The Hunna With Support From Lucy Deakin & Kid Kapichi At The Mill 05/11/22

Writer Laura Mills / Photographer Connor Pope

It’s my debut review at The Mill in Digbeth on 5 November. As I’m walking in, this smell hits me straight away. It’s familiar – it’s the smell of lager. Lovely stuff. Ahead of The Hunna, first up on stage to warm this Saturday night crowd is Lucy Deakin. She looks cool, calm and collected, and her voice is powerful with a soulful element.

Delving deeper into the set, her confidence increases, she’s got the entire crowd behind her and they’re all loving it.

I’m so here for this genre that’s been getting more of a spotlight over the past few years. I’m talking about this feminine pop-rock – women who don’t take any shit – the Olivia Rodrigo, Hayley Williams, Avril Lavigne kind of style. You know, the cool ones.

Lucy Deakin is definitely owning this stage tonight and she looks fierce. She launches into ‘Complicated’, a Lavigne cover, and the crowd, myself included, are singing our hearts out.

Each original track is introduced in a relatable way, explaining how she’s as confused about this world as we all are, and how she’s one of us. It’s kind of raw; you just want to be her mate.

Sadly, Lucy’s set comes to an end.

The crowd’s gathering for the second support of the night and I’m back facing the stage. It’s time for Kid Kapichi and they appear confident, and very up for tonight’s performance.

I have to talk about this guitarist with the curly hair in the grey. He’s strumming those strings so hard I’m surprised none of them have snapped. His body language is just ENERGY as he flings himself around the left side of the stage, the rest of the band enthusiastically putting in the work to keep up.

This band’s sound is right up my street; it’s tight, innovative indie rock.

“Who’s got work on Monday?” our frontman says. “This ones for you, it’s called ‘5 Days On (2 Days Off)’” –  a track we can all resonate with about how monotonous life can sometimes seem.

Next, the frontman announces: “This next one is for Rishi Sunak, you fucking…” Something?  I didn’t catch the last bit, and maybe that’s for the best.

The instruments are stripped back and it’s just the frontman singing their original track ‘Party at No.10’. I wonder what that’s about?

As this set comes to a close, my first thought is to follow both supports on Spotify. My second thought is please get The Hunna on – the lights lower, and we instantly know it’s time.

The Hunna grace the stage and launch into ‘The Storm’ before smoothly transitioning into ‘Trash’. Just before another track is played the frontman says: “Our new album is now out, and when we started this tour it wasn’t.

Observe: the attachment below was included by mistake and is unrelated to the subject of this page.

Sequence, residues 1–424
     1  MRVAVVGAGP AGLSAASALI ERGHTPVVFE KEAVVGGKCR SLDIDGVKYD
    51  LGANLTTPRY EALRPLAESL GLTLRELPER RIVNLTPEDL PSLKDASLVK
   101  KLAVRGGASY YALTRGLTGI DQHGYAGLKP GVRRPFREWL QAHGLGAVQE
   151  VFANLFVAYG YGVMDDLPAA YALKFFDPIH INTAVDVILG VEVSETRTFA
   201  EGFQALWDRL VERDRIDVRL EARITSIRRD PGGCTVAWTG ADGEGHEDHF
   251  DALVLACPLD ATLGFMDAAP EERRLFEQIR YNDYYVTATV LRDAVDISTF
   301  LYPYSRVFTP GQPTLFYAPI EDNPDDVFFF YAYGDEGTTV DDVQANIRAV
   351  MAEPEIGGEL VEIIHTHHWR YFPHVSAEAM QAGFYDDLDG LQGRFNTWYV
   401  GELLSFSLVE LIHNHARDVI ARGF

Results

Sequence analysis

“We’d like to play you the album, if that’s okay, and then launch into some of The Hunna’s classics.”

I wish it didn’t, but this rings alarm bells for me. I think playing a whole album of songs people aren’t familiar with yet can accidentally dampen the mood in a serious way.

As I’m watching, this band is giving it everything they’ve got to a new track called ‘Fugazi’, it feels confident and as the band perform each member appears to have an air of swagger about them. However, as the set goes on I just can’t help thinking we could do with a few fan favourites in between.

Regardless, the crowd are wild, cheering, moving, they just can’t get enough of The Hunna.

Finally, the moment I’ve been waiting for, a track called ‘Apologies’, which is one of the band’s latest releases. As I look around, everyone is singing along with Ryan as he belts out:

“I, I didn’t mean to make you cry / And I do apologise / But you, you make me wanna die / I can hear you telling lies.”

Watching the band you can totally tell this is album number four because it feels confident, and there’s a strong rapport between them – evident in how they interact with each other. It’s wonderful to see. Likewise, the way they interact with the crowd is special too; they’re making everyone in this room, including myself, feel like we’re a part of The Hunna.

As we start to reach the end of the set, it’s time for fan favourites starting with the ever so carefully crafted lyrics of ‘Lover’, and then into one of my favourite songs ever, ‘Babe, Can I Call?’.

It’s clear as soon as the crowd recognise the next song it’s been highly anticipated all evening; ‘She’s Casual’ is performed with the crowd singing every single word alongside the band.

Tonight is The Hunna’s final date of this tour and their set ends with, arguably, their most popular track – ‘Bonfire’. Again, we’re all belting out each line and smashing into each other in the process.

What an evening, and what a great performance by one of the most classic indie-rock bands from the 2010’s.

For more on Lucy Deakin
For more on Kid Kapichi

For more on The Hunna

For more gigs and events at The Mill